Trinity News and Sermons

08/17/14 Sermon Bullets

  • On our front landing of the steps at 31st Avenue there is a bench with a beautiful mosaic on it, conceived, designed and created by several of our Trinity family members. On it, you will find in the middle, an ancient symbol of the Trinity. To the right of that is the Cross of Christ. To the left of the Trinity symbol you will find a Star of David, symbol of the Jewish faith, and to the left of that, you will find the star and crescent, symbol of Islam.
  • These symbols represent the three monotheistic faiths, the three faiths that claim Abraham as their father.
  •  It is appropriate that we have these three in such a prominent place, as it represents our tag line of All Are Welcome and shares that our Trinity family includes those who are Jewish and those who are Muslim, as well as the many of us who are Christians. In fact, Jewish and Muslim persons participate in our life together in various ways. On this bench, we share that All Are Welcome.
  • There have been various reactions to this bench, from many who marvel that we are able to share our love with each other in this way to comments like “That is an evil place” and “Christ does not dwell in that place.”
  • Nothing could be further from the truth!
  • One of the things that makes me most proud of our congregation is our great diversity. We have life-long Lutheran Christians (myself being one of them); persons new to the Christian faith; those who are faithful Christians and also practice Buddhist meditation; Jewish and Muslim persons; those who are pretty certain of what they believe; those who have doubts; and those who just aren’t sure, but want to be a part of our loving fellowship. As I say in on our website, my job is to walk with each of you on this journey, helping you to explore what God wants you to be and do. NOT to judge you.
  • Let me be clear: You are going to hear a Lutheran Christian proclamation of the gospel of God’s unconditional love in sermons, bible study and counseling from me. That is who I am and what I am called to represent. This is a Lutheran Christian congregation. But ALL ARE WELCOME!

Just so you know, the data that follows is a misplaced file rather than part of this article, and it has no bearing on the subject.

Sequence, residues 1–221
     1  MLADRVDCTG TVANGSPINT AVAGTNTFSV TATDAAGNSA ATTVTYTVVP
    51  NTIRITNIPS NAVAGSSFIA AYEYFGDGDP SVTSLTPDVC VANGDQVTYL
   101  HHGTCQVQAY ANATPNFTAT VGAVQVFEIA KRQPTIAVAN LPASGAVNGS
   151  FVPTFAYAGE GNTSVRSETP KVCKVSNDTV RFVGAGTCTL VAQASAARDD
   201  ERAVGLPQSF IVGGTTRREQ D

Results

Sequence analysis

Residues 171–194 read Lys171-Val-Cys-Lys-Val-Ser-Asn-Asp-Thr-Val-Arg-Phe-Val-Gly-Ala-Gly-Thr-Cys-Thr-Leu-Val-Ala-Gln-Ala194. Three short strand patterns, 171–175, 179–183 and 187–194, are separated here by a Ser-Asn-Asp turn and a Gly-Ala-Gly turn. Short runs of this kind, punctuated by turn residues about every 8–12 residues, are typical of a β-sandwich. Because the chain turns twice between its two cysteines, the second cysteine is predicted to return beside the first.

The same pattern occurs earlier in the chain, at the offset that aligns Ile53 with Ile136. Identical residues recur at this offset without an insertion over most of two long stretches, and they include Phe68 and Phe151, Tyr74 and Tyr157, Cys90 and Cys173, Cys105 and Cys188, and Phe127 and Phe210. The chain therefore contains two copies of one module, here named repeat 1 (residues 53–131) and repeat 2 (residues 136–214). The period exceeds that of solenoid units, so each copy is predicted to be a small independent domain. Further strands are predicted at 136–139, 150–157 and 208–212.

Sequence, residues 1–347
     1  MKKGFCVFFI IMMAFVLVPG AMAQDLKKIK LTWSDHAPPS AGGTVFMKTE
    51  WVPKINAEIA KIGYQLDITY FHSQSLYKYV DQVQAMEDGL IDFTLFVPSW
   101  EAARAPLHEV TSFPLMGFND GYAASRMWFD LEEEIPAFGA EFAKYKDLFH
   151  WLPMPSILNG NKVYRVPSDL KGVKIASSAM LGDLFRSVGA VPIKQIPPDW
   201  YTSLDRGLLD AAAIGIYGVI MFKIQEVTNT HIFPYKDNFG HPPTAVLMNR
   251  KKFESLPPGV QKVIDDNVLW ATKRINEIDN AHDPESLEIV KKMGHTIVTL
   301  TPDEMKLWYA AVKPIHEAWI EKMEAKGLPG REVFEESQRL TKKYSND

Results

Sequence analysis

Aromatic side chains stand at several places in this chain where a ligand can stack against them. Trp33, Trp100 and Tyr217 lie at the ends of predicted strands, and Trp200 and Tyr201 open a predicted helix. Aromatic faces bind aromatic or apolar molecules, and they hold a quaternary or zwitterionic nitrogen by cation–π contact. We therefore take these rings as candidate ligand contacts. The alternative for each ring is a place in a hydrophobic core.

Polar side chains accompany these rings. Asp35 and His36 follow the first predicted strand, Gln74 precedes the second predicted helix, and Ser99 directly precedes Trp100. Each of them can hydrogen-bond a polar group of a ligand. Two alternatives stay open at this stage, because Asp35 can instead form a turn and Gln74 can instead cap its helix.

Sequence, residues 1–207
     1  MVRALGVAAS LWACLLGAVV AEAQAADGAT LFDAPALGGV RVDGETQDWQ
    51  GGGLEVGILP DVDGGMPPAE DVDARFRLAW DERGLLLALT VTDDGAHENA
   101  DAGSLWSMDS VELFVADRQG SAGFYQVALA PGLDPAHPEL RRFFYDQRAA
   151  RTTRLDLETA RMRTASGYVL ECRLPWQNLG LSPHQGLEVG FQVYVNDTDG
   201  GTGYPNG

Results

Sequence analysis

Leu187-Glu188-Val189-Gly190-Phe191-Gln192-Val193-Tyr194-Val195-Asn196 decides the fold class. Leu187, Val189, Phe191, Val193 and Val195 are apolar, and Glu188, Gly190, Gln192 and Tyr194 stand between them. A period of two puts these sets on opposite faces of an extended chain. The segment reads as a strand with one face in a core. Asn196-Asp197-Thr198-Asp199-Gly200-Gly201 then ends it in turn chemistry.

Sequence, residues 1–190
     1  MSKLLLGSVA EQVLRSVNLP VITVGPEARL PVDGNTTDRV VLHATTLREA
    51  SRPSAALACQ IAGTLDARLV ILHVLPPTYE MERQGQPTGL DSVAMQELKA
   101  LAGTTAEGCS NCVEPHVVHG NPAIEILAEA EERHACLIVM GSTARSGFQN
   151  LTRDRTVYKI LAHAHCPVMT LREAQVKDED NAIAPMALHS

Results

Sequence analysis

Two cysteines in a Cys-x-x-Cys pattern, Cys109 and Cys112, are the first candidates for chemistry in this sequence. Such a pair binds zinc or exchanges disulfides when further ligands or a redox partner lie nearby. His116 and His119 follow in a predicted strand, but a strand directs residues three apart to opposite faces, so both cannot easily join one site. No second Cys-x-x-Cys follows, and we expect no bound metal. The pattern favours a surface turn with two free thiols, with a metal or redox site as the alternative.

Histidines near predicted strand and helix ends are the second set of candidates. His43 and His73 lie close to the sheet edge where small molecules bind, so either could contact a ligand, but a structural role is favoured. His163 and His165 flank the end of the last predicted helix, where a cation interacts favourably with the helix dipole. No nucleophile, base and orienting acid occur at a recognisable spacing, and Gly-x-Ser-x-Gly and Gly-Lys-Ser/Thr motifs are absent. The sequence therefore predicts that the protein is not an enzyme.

• In today’s gospel lesson, Jesus teaches that it is things that come OUT of us that can be evil: murder, slander, theft, false witness, etc. Sometimes in our desire to be totally “right” we can say things that are not true.
  • Later in the gospel lesson we have this strange story of Jesus seeming to withhold God’s love – totally different from the way he acts at other times: “I was sent only to the lost sheep of the house of Israel.” 25But she came and knelt before him, saying, “Lord, help me.” 26He answered, “It is not fair to take the children’s food and throw it to the dogs.” This seems so harsh! Why would he exclude someone from the gifts of healing that he can share? (Perhaps to teach us a lesson?) But then, who would want to have a relationship with THAT kind of God? What if the woman went away empty?
  • But she did NOT go away empty. She persisted: 27She said, “Yes, Lord, yet even the dogs eat the crumbs that fall from their masters’ table.” She would NOT take no for an answer. She KNEW that Jesus could heal her daughter of the demon. She did not give up. And Jesus gave her that for which she asked. Great is your faith, oh woman. Your daughter is healed!
  • Sometimes in our Christian lives we may respond the way Jesus did in this story initially: They don’t deserve God’s love. They have not shown the right kind of faith. Let’s exclude them from the fellowship. This gift of grace is too precious to be wasted on those who will not appreciate it for what it is.
  • We do this sometimes when we exclude people from baptism, from the table, from worship. How many have been a part of churches where absolute RIGHT BELIEF was required before one was allowed to receive the Body and Blood of Jesus?
  • People, even religious leaders, do this with the right intention – wanting to be faithful and not water down our theology. They do not mean harm. But harm can and is done.
  • The very first sermon in my very first parish began with these words: You win more flies with honey than you do with vinegar. For me, our task is not to be sitting in judgment of persons, excluding them or kicking them off the path of discovery about our loving God, the One who raised Jesus from the dead! For me, our task is to woe people into a deep abiding relationship with this God found in Jesus – to show in the way we treat others, even those who believe differently from us, that God loves them and claims them. For me, this expression of God’s love is found completely in Jesus of Nazareth, crucified and risen. Our task is to share this love with everyone!